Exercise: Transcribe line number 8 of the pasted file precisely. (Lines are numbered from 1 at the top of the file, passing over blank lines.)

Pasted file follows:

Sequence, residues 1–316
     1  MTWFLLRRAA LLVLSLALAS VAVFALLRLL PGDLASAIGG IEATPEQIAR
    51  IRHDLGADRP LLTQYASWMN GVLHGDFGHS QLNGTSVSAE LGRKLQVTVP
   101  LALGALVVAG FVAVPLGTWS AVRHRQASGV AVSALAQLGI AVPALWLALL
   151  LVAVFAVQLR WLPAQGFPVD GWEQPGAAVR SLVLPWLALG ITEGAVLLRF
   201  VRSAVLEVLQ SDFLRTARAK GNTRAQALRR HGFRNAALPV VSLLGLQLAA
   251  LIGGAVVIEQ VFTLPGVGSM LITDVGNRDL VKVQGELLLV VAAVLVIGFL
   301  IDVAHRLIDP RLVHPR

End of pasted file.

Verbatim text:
   301  IDVAHRLIDP RLVHPR